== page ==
Race matters

by Rod Smith

Thulani is 11 now...

Thulani is 11 now...

Race comes up often in our family now, but it was kindergarten that officially informed Thulani that he is black. Prior to this enlightenment he’d casually told me, on several occasions, that I was silver and he was gold. I liked that.

After a few more sensitivity lessons at school, and yet in kindergarten, he asked me why I had put Rosa Parks off the bus. He noted, and with authority, that it was a white man who had done this to her and that I was white. I am not sure he paid much attention to my “cows have four legs and dogs have four legs but dogs are not cows” explanation.

Marshall Thulani

Marshall Thulani

When a little younger than his kindergarten induction into the world of race-relations, Thulani was draped in a towel and, stepping from the shower, he glanced down at his naked body, closed his eyes and prayed: “Lord Jesus. Make me the same color as my daddy!” Opening his eyes, he glanced at his unchanged skin color and said, “Oh well. Didn’t work. I like brown anyway.”

“Just as well,” I noted, “you are going to be brown for a long time.”

“You know,” said Thulani in the fifth grade, “I am the only black boy in my class? There are girls. But I am the only black boy.”

“You know,” I replied, “I am the only white man in our house.”

4 Comments to “Race matters”

  1. wonderful analogies- I love hearing your stories- a lot of which I haven’t heard. I have just started writing about what Isabel has said in my blog- its a great way to remember as it will be forever (whatever that means) online. miss you guys. wish I was travelling in some ways and not in others. Tell Nate and T I say hi. You may enjoy my last blog entry entitled Grandpa Powells funeral- http://lifeasweknowit-kathryn.blogspot.com/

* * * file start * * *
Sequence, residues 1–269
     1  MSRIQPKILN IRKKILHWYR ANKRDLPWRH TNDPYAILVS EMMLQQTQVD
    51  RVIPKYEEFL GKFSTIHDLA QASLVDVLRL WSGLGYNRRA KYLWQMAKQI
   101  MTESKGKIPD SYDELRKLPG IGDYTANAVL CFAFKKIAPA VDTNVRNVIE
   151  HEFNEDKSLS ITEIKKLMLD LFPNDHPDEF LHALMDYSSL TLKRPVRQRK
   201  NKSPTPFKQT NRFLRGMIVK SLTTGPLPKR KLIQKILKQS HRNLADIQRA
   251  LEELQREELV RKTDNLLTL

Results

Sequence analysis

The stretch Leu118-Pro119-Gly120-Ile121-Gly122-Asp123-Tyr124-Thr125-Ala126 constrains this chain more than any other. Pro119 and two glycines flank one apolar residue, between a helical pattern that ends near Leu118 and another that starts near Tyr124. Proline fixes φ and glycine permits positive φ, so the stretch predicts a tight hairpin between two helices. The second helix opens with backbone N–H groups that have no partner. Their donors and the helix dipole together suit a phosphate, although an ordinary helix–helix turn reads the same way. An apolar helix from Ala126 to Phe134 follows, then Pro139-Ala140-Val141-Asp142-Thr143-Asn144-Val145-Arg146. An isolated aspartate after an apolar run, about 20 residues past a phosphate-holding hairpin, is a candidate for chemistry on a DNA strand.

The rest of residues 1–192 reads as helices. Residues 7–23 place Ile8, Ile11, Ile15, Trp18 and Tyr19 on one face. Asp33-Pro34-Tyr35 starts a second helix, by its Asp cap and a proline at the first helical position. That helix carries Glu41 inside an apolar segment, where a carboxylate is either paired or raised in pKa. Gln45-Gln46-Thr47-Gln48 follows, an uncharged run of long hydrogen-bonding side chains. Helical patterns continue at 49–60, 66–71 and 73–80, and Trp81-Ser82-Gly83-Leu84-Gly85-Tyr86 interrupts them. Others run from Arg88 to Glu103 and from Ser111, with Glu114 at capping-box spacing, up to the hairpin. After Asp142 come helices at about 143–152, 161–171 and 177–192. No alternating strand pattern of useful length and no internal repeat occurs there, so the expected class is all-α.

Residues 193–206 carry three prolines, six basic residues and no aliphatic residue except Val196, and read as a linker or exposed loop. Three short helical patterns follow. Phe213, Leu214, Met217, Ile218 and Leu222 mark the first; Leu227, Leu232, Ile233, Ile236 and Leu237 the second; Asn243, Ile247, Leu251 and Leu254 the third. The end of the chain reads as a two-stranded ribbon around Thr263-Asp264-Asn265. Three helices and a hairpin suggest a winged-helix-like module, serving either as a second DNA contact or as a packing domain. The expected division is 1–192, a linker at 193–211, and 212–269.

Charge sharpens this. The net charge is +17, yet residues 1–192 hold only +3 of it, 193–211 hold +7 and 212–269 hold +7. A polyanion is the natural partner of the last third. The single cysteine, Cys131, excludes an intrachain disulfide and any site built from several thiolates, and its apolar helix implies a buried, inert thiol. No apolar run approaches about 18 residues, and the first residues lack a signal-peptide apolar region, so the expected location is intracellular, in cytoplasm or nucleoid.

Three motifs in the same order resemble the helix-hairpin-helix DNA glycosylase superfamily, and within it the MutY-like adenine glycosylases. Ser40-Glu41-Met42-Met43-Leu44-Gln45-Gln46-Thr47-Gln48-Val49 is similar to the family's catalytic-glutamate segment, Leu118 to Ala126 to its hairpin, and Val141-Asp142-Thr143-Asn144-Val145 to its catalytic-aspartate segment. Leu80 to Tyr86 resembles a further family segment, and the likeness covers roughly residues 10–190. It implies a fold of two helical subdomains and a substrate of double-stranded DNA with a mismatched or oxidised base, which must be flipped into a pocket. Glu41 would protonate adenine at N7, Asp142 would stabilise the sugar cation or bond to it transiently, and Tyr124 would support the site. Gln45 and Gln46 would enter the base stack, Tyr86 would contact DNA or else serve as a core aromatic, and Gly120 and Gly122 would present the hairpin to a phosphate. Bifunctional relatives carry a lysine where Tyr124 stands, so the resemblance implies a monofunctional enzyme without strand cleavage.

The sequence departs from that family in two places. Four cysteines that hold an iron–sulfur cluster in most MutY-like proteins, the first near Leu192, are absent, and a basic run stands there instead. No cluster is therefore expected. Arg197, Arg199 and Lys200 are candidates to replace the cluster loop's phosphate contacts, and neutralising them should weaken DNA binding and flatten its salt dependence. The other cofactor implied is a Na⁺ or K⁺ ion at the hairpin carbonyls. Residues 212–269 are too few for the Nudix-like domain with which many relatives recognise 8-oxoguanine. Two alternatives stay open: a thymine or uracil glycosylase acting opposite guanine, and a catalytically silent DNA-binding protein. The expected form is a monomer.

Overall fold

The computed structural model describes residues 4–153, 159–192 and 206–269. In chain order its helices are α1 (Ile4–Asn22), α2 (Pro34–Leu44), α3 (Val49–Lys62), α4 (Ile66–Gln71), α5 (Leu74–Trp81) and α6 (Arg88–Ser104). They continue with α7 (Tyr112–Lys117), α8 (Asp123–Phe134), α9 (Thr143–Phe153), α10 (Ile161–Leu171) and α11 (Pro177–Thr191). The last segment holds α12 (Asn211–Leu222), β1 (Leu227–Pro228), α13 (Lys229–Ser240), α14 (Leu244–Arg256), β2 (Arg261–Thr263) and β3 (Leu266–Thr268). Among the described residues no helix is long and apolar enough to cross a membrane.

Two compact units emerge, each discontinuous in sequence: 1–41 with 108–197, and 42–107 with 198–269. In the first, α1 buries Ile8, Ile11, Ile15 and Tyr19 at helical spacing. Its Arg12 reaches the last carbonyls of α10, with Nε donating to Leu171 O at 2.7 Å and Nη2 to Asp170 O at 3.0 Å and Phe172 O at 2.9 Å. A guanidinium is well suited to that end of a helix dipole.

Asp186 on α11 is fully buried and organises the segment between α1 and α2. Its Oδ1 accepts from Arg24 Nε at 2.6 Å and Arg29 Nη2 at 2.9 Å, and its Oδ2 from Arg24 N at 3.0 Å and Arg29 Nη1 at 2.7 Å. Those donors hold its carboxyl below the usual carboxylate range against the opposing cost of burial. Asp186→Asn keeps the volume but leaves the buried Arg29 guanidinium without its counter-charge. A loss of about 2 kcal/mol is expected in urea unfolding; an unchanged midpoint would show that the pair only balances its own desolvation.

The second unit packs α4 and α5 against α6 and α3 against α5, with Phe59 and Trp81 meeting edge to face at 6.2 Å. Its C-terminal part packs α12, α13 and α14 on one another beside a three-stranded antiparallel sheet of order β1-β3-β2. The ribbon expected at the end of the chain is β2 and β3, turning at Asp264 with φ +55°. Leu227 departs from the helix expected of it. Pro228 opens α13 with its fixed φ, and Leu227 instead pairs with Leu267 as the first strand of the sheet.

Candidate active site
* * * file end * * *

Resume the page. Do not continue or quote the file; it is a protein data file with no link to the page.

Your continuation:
2. I LOVE this!! Silver and Gold… that is perfect!

  3. My oldest son’s first realization of any color distinction between he and I was when he was about 3 or 4. We were at the mall and we saw a beautiful little black baby girl all dressed up in pink and he said, ” AWWWWW look at that pretty chocolate baby….” It was precious and innocent. I then told him that he was chocolate too and just as pretty. He looked at me and realized with his eyes that I was not the same color… He said “Mommy – you do love chocolate don’t you?” in the sweetest most innocent way and I told him that indeed, chocolate is one of mommy’s most favorite things! That was our first introduction into racial differences and I wish that all of the other racial issues brought up to me and he in the South were as positive and sweet…sigh… they haven’t been…

  4. My son (8) attends Sunday School at the church where white and black worship God together. One day at home he asked me:”Mom ,why am I black but not white?” I said, “Because God created you black”.

    Then I asked him:” why this question?”He replied, “White is beautiful.”

    I explained to him, “You know, God loves colours. Look at the rainbow with blue, red, yellow… Isn’t it beautiful?

    “Yes,” he said.

    I continued, “God created man like that too, black, white, red, yellow….Everybody is beautiful and loved by God. Also Gos is wise. We have always sun, that could burn, so black skin endures sun more than another colour.”

    He seemed to be satisfied, it worked out. For feed back I asked him: “Do you love your skin?”

    He said quickly and he was convinced: “Yes mom, sure!”

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